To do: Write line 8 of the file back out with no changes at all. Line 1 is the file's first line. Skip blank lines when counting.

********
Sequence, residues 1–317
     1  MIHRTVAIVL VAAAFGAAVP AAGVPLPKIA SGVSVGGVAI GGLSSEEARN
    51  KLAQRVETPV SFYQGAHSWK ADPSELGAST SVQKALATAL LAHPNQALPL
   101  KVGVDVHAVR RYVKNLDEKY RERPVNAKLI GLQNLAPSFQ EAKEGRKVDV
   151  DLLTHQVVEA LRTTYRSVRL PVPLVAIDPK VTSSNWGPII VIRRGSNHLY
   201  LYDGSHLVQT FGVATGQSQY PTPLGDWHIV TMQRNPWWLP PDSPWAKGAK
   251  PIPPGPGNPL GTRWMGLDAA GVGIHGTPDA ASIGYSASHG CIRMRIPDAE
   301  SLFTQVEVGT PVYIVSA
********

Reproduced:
   301  SLFTQVEVGT PVYIVSA